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Looking for a new book? Check out the Womens Prize for Fiction 2021 shortlist

The Women’s Prize for Fiction announced their shortlist last night and it’s full of the top reads of the year!

The competition is the UK’s most prestigious annual book award celebrating & honouring fiction written by women. The charity’s main goal is to champion women and the art they produce, by selecting ambitious and outstanding fiction to share on a global stage. Writers can be selected form anywhere in the world and the competition has several different programmes aimed at discovering new talent and nurturing women’s ambitions in literature.

Previous winners include Maggie O’Farrell with ‘Hamnet’ (One of my favourite books of the last few years), Tayari Jone’s ‘An American Marriage’, and ‘We Need to Talk About Kevin’ by Lionel Shriver.

This year’s judges are Bernardine Evaristo (Chair), Elizabeth Day, Vick Hope, Nesrine Malik and Sarah-Jane Mee, making it a vibrant mix of presenters, podcasters, writers and journalists. The longlist was announced in March and last night those sixteen long listed books were whittled down to just six! Check them out below and get reading before they announce the winner this summer on the 7th of July!

‘Unsettled Ground’ by Claire Fuller (Fig Tree)

What if the life you have always known is taken from you in an instant?

What would you do to get it back?

Twins Jeanie and Julius have always been different from other people. At 51 years old, they still live with their mother, Dot, in rural isolation and poverty. Inside the walls of their old cottage they make music, and in the garden they grow (and sometimes kill) everything they need for sustenance.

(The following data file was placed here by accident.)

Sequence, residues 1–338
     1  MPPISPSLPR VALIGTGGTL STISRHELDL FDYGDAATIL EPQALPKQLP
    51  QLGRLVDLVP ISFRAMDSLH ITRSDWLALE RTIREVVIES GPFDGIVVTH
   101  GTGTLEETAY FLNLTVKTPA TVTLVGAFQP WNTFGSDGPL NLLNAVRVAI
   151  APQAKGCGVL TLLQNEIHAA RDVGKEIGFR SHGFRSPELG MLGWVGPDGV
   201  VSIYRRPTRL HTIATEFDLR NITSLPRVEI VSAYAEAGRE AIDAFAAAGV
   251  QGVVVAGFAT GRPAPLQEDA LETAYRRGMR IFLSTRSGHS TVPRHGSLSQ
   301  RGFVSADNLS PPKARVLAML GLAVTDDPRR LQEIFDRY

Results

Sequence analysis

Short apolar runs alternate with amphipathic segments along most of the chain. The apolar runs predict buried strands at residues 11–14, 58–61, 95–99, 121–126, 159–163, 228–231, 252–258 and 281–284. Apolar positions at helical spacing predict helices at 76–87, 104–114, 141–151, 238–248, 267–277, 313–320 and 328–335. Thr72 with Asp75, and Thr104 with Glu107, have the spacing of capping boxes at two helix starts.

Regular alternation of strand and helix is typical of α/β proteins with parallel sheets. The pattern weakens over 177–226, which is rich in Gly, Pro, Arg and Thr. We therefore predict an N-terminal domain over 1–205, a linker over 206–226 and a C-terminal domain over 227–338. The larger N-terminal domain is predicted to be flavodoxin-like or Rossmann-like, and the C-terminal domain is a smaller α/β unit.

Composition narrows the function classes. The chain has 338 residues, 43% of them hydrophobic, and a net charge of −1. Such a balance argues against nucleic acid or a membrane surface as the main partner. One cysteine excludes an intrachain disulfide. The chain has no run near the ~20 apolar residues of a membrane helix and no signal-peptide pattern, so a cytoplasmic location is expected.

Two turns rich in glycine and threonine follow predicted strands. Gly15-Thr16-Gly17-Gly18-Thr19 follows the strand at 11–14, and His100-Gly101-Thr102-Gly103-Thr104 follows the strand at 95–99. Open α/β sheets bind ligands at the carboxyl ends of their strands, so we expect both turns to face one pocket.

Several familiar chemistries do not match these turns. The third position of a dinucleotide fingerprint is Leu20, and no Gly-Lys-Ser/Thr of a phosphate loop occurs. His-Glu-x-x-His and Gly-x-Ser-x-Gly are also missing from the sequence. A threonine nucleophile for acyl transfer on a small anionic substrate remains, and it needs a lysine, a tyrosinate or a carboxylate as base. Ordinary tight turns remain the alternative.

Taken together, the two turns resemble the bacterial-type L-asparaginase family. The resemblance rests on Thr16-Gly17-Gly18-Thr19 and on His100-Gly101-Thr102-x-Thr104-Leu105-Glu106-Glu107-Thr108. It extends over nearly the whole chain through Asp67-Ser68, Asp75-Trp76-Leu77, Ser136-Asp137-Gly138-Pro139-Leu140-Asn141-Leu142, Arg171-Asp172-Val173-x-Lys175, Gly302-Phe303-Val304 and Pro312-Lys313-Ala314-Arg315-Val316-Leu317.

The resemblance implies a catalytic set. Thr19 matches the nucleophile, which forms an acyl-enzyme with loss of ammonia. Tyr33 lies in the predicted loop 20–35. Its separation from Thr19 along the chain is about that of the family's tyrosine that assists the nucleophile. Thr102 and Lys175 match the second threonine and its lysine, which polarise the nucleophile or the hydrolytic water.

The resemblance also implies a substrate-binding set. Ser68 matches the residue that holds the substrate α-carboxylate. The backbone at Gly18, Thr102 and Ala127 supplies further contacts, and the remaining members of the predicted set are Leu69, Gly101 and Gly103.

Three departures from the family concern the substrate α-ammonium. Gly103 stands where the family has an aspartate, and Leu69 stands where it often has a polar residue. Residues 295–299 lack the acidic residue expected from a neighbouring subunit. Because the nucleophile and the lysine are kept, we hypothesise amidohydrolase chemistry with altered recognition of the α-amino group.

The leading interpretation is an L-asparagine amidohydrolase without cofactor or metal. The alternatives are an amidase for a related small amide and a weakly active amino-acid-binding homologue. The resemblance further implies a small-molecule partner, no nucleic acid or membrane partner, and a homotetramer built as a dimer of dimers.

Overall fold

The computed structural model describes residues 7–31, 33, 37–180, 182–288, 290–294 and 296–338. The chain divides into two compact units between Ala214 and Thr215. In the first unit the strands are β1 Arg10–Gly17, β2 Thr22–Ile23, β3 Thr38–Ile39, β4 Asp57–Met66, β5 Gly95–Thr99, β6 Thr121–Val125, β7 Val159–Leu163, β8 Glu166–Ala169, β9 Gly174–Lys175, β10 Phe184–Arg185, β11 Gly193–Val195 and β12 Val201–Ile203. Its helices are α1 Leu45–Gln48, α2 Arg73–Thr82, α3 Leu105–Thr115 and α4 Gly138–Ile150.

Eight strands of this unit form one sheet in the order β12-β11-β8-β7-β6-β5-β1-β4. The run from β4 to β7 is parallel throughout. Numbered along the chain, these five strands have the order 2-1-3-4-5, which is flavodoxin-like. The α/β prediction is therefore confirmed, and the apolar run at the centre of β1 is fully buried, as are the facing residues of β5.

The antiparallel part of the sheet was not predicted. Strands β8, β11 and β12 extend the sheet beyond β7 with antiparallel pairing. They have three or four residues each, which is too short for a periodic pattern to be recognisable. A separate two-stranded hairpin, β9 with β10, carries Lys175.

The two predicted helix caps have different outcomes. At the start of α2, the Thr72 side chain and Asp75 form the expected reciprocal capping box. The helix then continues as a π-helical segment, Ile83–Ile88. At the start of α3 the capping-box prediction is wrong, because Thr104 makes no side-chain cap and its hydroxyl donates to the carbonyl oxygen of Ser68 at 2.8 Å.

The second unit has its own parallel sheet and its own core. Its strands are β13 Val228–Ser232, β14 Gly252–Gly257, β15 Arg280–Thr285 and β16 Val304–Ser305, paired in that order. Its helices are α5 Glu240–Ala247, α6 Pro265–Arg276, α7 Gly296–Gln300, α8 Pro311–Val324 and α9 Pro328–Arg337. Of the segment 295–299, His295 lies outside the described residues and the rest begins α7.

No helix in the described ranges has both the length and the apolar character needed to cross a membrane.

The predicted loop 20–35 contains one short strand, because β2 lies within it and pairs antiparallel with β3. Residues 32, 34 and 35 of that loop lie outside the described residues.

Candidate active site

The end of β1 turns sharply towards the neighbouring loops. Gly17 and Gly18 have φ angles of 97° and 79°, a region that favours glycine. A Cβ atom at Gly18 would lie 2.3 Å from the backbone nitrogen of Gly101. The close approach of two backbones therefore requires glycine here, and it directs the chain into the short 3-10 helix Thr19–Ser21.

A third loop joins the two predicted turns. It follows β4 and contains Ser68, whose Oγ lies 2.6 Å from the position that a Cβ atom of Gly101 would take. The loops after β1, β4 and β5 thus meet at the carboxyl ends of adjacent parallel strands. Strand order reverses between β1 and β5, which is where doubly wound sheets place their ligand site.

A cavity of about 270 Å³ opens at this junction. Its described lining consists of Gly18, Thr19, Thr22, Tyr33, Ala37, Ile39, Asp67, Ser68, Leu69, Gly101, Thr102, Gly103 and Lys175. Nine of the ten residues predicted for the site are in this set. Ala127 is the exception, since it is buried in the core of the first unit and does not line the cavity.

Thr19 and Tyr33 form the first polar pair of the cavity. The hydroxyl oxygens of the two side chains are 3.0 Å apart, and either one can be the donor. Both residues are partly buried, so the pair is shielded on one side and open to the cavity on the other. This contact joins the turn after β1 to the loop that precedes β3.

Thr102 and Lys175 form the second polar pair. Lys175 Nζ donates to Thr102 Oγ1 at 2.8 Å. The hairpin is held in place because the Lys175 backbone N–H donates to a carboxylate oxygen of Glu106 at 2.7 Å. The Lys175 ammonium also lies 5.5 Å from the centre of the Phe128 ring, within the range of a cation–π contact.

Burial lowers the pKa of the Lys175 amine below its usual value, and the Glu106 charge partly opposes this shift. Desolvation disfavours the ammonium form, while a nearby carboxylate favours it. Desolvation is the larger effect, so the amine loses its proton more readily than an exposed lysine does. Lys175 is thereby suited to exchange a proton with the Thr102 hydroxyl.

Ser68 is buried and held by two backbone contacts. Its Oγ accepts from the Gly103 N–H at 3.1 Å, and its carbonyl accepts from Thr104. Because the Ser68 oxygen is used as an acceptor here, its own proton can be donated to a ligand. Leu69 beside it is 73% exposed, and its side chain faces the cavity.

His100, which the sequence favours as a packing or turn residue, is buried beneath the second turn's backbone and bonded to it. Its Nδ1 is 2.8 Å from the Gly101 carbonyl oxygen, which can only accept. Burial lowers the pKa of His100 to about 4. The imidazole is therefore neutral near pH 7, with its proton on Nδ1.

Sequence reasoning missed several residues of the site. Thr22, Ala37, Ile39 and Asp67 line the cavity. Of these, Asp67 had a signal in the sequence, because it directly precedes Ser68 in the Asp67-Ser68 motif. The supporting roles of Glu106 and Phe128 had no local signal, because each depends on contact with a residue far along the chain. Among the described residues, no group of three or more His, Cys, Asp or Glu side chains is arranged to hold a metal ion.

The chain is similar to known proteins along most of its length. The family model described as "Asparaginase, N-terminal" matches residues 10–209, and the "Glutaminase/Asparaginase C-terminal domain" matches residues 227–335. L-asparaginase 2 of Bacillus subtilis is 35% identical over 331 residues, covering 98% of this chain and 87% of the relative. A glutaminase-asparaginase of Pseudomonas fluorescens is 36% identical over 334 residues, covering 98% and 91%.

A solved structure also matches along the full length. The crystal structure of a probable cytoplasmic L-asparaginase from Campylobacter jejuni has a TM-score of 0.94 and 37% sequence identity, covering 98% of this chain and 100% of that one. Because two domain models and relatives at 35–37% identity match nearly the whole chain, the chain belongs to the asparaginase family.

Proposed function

But when Dot dies suddenly, threats to their livelihood start raining down. Jeanie and Julius would do anything to preserve their small sanctuary against the perils of the outside world, even as their mother’s secrets begin to unravel, putting everything they thought they knew about their lives at stake.

‘Unsettled Ground’ is a heart-stopping novel of betrayal and resilience, love and survival. It is a portrait of life on the fringes of society that explores with dazzling emotional power how we can build our lives on broken foundations, and spin light from darkness.

‘Transcendent Kingdom’ by Yaa Gyasi (Viking Press)

As a child Gifty would ask her parents to tell the story of their journey from Ghana to Alabama, seeking escape in myths of heroism and romance. When her father and brother succumb to the hard reality of immigrant life in the American South, their family of four becomes two – and the life Gifty dreamed of slips away.

Years later, desperate to understand the opioid addiction that destroyed her brother’s life, she turns to science for answers. But when her mother comes to stay, Gifty soon learns that the roots of their tangled traumas reach farther than she ever thought. Tracing her family’s story through continents and generations will take her deep into the dark heart of modern America.

‘How the One-Armed Sister Sweeps Her House’ by Cherie Jones (Tinder Press)

In Baxter’s Beach, Barbados, Lala’s grandmother Wilma tells the story of the one-armed sister, a cautionary tale about what happens to girls who disobey their mothers. For Wilma, it’s the story of a wilful adventurer, who ignores the warnings of those around her, and suffers as a result.

When Lala grows up, she sees it offers hope – of life after losing a baby in the most terrible of circumstances and marrying the wrong man. And Mira Whalen? It’s about keeping alive, trying to make sense of the fact that her husband has been murdered, and she didn’t get the chance to tell him that she loved him after all.